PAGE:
Over the past few years, we’ve seen digital medium-format photography go from something of a hulking utilitarian beast into something a little more elegant in terms of usability. The Phase One and Hasselblad flagships, although coveted by many, were only attainable by a select few and really only intended for methodical work. The latest additions to the medium format realm have flipped this market on its head and put digital medium format into the hands of the masses. The Hasselblad X1D-50c and the Fujifilm GFX 50S are more in line with the everyday consumer's needs in terms of both price and features. I have had the chance to spend the last six weeks shooting with the Fujifilm while traveling through northeast India and today I’ll share my thoughts on it as a travel camera.
Articles written by Dylan Goldby
Today, I’d like to talk about three key elements that I feel make up each and every photograph we take. Of course they are not the only elements, but I feel that they are the most important. Specific shoots, like fashion or automotive commercials, require all sorts of preparation and specific skills. However, at the photographic level, three key elements still apply. If you consider your composition, light, and moment, you will be well on your way to making a successful photograph.
David DuChemin has become very well known for his so called “sermons” on vision. He has written books about it, including the beautifully crafted "VisionMongers." He is a champion of exploring art over exploring gear, and even his YouTube show uses his motto in its title, “Vision is Better.” In Episode 61, he goes into a common misconception about vision and style. Then he offers us a few tips on how we can get over our difficulties and find our own work.
Packing for a shoot in your town can be a pain, but packing for an extended shoot in another country brings a whole new set of complications into consideration. Recently, I’ve been doing a lot of extended trips for my personal project “Tattoos of Asia.” Over the few trips that I’ve done, I’ve managed to pare down my kit to what I absolutely need. It has been a long process, but I’ve learned quite a bit, and I’d like to share that with you as I prepare my kit for my upcoming India trip.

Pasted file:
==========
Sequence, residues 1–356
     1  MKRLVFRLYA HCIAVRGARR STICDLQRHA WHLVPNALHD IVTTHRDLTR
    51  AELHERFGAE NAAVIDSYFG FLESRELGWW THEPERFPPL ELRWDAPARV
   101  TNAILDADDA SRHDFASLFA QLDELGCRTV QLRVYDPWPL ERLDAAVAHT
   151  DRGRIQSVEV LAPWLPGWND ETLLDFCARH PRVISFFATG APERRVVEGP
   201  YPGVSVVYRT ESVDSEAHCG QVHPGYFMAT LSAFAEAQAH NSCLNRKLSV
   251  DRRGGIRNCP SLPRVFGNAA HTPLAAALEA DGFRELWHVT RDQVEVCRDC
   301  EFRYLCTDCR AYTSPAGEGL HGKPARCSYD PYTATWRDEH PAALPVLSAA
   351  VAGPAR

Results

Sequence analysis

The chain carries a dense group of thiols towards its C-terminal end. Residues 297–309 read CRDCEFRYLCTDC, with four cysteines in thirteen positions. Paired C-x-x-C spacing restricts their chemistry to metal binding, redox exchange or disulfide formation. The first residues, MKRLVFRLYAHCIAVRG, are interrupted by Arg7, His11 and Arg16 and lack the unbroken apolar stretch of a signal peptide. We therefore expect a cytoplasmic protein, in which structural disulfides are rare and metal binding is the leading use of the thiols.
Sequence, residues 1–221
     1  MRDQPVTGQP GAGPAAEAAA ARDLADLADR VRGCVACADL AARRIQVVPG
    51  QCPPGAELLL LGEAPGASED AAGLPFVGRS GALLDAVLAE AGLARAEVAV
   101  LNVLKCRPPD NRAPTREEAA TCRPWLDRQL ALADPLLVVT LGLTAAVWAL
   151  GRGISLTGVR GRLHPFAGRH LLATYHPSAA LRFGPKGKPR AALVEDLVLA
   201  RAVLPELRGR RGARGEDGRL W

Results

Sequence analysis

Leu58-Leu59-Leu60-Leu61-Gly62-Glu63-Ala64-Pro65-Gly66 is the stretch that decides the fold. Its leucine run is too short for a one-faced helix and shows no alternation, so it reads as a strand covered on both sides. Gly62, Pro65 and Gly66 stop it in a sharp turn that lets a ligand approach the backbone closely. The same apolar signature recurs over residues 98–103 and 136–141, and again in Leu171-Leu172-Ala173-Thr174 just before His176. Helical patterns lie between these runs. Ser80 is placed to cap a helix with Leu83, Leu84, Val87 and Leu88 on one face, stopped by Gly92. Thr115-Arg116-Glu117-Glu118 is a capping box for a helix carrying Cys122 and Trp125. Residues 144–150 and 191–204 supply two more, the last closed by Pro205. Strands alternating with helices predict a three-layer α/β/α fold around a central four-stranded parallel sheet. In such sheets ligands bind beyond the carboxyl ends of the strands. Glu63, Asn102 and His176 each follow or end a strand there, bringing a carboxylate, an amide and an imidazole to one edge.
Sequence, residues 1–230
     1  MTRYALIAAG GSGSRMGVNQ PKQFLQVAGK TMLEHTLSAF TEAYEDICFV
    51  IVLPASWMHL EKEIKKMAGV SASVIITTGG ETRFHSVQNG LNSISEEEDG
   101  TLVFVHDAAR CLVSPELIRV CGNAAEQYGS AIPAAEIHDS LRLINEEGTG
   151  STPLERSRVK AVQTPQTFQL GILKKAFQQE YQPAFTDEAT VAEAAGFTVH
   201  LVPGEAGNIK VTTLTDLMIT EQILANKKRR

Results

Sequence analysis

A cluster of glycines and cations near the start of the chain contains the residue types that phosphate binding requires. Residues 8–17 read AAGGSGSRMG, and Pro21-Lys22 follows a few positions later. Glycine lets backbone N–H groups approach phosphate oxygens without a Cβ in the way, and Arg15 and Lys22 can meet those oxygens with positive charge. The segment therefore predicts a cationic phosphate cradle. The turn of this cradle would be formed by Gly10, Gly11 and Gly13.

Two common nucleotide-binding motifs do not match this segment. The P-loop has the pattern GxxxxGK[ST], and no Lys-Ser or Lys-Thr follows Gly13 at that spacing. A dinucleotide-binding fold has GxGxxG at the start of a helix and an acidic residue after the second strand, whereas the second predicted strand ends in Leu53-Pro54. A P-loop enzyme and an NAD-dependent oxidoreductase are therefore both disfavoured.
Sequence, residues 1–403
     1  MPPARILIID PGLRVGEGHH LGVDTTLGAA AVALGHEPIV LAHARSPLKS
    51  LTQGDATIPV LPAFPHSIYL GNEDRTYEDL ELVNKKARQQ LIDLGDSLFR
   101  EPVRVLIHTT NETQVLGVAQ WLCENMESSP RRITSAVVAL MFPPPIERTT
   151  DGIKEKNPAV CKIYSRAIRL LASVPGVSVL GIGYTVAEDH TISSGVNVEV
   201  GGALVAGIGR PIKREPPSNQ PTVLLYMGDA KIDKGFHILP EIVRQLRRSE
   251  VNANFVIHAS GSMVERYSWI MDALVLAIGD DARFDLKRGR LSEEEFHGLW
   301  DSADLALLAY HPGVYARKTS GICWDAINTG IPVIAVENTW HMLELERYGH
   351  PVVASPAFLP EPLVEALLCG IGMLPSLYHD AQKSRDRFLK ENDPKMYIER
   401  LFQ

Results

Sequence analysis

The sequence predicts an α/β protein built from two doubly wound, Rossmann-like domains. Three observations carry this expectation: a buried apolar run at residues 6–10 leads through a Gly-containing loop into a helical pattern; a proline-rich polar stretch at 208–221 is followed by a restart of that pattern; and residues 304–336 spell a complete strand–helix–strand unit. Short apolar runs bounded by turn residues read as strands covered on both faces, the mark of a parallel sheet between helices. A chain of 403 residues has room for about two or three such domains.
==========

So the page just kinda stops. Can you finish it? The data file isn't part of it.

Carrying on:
For all the stranded Mac users out there who’ve bought into the future that’s not quite here yet, there has been no shortage of products hitting the shelves to take you right back to the port-filled glory you once lived with. With all those ports taken from you, there is now an extra box on your desk just so you can reconnect the devices you use on a daily basis. USB-C and USB 3.1 promise so much in terms of potential that just isn’t realized yet. In the interim, connectors, hubs, and dongles are filling the void. At the high end, one such device is the CalDigit Thunderbolt 3 Docking Station.
One of the big concerns for many moving over to the Fujifilm X and GFX systems has been options for flash support. In all honesty, most of these issues were non-issues for the majority of users. Fujifilm has had their own set of speedlights for the systems, and all single-pin “dummy” triggers like the PocketWizard Plus X or many of the others offered by other manufacturers have always worked to trigger off camera flashes. Fujifilm also introduced both TTL and HSS to the system some time ago. However, Godox is the first flash brand to offer a fully Fujifilm compatible option. Let’s look at what they have on offer.
One of the most commonly heard pieces of advice within creative circles certainly seems to be the need to find your “style” and market that. What is your style? How to find it? These questions we’ve been told should plague us and drive us get inside our heads if we let them and begin to dictate what we do and how we do it. However, if you take a look at the popular sharing platforms, you will see a few patterns emerging. Instagram, Facebook, and even Fstoppers have a certain style of imagery that rises above the rest as you look at a volume. It can be tempting to emulate a popular style and fit in with the crowd, but it may not be ultimately satisfying to the inner artist. So how exactly do we find our own style?
With every new lens release we get bombarded with wild claims of “sharpest lens ever” and “bokeh so soft you’ll want to lie down in it.” A barrage of MTF charts and comparisons flood the web and debates rage in forums about which lens is better than which. Opinions fly and the knowledgeable and no so knowledgeable lock horns. But what if there were something other than sharpness that we could be looking at to discover a lens’ optical quality. Just what does a high element count with a few ED elements do to the resulting images?